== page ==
Should we keep it separate from the existing Swiggy Money wallet and upcoming Swiggy UPI? Or should we have one umbrella for all of them. To figure this out, I partnered with my product manager to design possible combinations and narrowed it down to 2 concepts. 

Concept 1: Keeping 3 separate payment options

(Left) Payment page showing Wallet and Pay Later. (Right) Account management for all 3 options

Concept 2: One umbrella Swiggy Pay with Wallet, Pay Later and UPI

(Left) Swiggy Pay with balance combined from Wallet & Pay Later. (Right) Umbrella account management

I started showing these around to the folks at Swiggy — who not only work here but most are avid Swiggy users themselves. We debated a lot about first impressions, usability, design decisions, pros and cons, etc.

Since this was the first exploration in this direction, previous data couldn’t help us drive a decision. And the team wasn’t ready for a full scale A/B testing due to time and resource crunch. Clickable Figma prototypes were very effective to get feedback from the team and helped other stakeholders easily visualise the possibilities.

What did we learn

  1. Keeping the 3 options separate gave people a freedom of choice and they felt more in control. 

  2. Understanding the umbrella term was difficult since it was a new mental modal. Especially when limits kicked in for wallet and credit.

  3. For the combined approach, people asked questions like “where is money is coming from?” They were concerned about debt/late fees.

Ultimately we decided to go ahead with the first approach — A native suite with independent payment options. It was more user friendly and aligned with our goal of making payments seamless.

Partnering Up

After we had clarity on what we wanted to build, our business team partnered with Lazypay — the existing BNPL provider on Swiggy. 

  • This was a win-win situation since both companies would benefit from growing their user bases.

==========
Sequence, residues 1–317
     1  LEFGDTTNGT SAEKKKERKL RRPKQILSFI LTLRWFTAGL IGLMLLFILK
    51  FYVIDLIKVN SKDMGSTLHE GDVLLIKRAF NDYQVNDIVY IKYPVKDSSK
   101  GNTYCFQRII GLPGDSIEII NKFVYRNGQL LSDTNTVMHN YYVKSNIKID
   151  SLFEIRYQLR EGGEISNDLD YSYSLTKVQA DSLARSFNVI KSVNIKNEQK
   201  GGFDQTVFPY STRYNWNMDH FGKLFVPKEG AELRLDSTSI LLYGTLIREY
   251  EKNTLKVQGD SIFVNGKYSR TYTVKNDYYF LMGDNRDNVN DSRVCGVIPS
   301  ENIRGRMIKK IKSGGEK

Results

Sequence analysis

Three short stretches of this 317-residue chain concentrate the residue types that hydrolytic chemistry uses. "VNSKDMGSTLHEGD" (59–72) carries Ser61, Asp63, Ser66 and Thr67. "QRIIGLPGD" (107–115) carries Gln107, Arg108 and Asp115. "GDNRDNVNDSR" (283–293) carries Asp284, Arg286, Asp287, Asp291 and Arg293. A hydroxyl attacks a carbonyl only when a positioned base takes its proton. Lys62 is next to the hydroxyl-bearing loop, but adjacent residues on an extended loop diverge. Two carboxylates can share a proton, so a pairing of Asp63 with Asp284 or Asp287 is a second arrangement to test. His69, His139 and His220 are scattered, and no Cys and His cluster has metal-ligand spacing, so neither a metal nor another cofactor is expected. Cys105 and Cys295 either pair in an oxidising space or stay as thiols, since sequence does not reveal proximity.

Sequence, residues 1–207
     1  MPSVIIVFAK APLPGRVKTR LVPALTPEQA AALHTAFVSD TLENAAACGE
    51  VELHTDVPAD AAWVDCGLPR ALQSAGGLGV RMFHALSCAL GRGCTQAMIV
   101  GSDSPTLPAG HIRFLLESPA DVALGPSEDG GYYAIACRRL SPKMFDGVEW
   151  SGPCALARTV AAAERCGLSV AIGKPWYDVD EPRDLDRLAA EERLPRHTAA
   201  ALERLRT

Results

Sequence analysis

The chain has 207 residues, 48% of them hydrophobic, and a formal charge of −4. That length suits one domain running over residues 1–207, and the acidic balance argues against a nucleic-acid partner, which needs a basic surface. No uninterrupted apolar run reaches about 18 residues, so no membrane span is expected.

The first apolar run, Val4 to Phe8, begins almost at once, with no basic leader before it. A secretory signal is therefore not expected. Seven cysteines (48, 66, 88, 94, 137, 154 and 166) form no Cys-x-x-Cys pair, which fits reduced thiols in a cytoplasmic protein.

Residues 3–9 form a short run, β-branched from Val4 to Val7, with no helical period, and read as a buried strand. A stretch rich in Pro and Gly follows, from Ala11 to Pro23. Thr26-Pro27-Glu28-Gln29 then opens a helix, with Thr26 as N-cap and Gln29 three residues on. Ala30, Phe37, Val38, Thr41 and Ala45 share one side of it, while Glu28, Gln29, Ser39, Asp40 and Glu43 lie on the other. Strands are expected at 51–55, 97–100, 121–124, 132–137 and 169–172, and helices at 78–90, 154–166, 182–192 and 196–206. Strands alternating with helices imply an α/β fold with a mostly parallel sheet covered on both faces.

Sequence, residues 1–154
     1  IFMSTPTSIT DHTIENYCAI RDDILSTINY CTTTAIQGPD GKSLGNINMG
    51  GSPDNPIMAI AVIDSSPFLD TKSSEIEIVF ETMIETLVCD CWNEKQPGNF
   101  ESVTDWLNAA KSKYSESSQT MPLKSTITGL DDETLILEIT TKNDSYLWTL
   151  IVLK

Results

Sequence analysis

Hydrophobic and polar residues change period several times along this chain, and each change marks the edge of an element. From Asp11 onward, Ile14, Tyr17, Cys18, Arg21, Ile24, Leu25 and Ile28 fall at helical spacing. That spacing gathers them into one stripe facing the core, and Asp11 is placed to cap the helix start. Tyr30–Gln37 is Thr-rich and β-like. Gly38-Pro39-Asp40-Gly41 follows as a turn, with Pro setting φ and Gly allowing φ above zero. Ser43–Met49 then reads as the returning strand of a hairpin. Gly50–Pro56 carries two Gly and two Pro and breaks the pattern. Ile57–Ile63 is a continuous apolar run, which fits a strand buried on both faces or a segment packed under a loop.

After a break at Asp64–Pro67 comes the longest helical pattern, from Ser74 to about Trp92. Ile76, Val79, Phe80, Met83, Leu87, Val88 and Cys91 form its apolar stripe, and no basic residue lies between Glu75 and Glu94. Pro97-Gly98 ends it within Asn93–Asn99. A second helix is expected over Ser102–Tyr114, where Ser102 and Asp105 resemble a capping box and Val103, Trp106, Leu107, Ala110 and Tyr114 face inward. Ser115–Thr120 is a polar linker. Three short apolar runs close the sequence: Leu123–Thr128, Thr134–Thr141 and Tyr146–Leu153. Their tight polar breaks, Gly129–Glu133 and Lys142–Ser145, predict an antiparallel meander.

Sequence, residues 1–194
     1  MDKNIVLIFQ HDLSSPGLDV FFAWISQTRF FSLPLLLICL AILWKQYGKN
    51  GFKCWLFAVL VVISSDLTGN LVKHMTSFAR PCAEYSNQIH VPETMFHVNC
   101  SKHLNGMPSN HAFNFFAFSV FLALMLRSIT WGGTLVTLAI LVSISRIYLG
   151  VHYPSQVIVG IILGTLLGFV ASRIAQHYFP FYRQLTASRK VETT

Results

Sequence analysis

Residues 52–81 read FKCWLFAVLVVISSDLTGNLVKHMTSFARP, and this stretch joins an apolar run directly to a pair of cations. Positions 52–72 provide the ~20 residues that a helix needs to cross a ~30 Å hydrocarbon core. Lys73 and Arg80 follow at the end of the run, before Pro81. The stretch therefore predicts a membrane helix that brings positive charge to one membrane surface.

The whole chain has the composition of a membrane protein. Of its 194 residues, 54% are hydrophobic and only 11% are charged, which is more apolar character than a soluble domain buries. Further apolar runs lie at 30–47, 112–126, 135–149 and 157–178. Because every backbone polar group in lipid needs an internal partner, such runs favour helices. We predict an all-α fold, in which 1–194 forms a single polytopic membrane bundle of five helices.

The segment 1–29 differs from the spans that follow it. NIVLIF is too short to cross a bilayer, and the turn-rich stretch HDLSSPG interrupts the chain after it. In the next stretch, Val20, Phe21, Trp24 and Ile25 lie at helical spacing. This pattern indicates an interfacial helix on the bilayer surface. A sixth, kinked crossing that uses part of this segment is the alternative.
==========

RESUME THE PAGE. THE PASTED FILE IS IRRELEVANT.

• We could use their backend architecture to ship our products faster.

  • And there was an initial validation that people liked Lazypay on Swiggy, although the penetration was low.

What it meant for the users

From our customer insights we knew the existing Lazypay users were frustrated with short repayment periods, low credit limits and inconvenience of switching to another app. The last thing we wanted was Pay Later becoming the same.

Fortunately, since everything was gonna be built on Swiggy it meant less friction and better communication at a single place. Also, Lazypay agreed to set a unique credit limit just for Swiggy orders.

Next steps

The challenge for me was to understand constraints and possibilities this architecture brought in. We had a lot of discussions with Lazypay’s product and design teams in the coming days. A few things I learned:

  • New users had to go through a KYC process to unlock higher credit limits. This along with the repayment of dues could only be run on Lazypay which we decided to open in web within the Swiggy app. 

  • There were different cohorts of users we needed to consider. For eg people using Lazypay on other platforms, existing Lazypay users on Swiggy, new users, etc.

  • The tech was built to identify the cohort just with a mobile number, so we could explore a personalised experience for them.

The Onboarding

Designing the onboarding experience was one of the biggest challenges in this project. We knew we had identified the usefulness of Pay Later for the right target audience. But first we had to get them try it out.

When figuring out the the grand schema, we thought of a onboarding users with a bottom-sheet. This is how it looked like:

When we were showing this around to people, we realised it didn’t really communicate the value of Pay Later strongly. Seeing some bullet points in a bottom sheet didn’t excite people to try it out. Also, we could have done something better after users made their first payment.

But there was bigger problem — the KYC process. 

From Lazypay we had learned that the was a cumbersome and long process where you had to enter your personal details, upload documents, etc. Imagine when you’re hungry we ask you to do all that. We feared people were likely to skip and pay with something else.

I asked myself two questions:

  • How might we onboard users with a bang! An experience that creates excitement and pulls them into trying out Pay Later?

  • How could we reduce the initial friction? Make the first time experience satisfying ? Getting people as fast and smooth as possible to feel the real value of Pay Later — convenience.

Keeping all this in mind, I took a visually heavy and story driven approach for onboarding. The intention was to create an experience which would take users to a whole new world of Pay Later.